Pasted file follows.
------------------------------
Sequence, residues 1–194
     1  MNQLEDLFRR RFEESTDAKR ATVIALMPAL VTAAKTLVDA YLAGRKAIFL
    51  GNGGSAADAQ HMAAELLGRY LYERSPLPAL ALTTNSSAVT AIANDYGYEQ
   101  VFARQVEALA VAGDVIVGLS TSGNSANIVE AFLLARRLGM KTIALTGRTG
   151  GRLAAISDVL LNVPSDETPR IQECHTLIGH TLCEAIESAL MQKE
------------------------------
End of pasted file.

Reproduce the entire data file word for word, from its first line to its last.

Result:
Sequence, residues 1–194
     1  MNQLEDLFRR RFEESTDAKR ATVIALMPAL VTAAKTLVDA YLAGRKAIFL
    51  GNGGSAADAQ HMAAELLGRY LYERSPLPAL ALTTNSSAVT AIANDYGYEQ
   101  VFARQVEALA VAGDVIVGLS TSGNSANIVE AFLLARRLGM KTIALTGRTG
   151  GRLAAISDVL LNVPSDETPR IQECHTLIGH TLCEAIESAL MQKE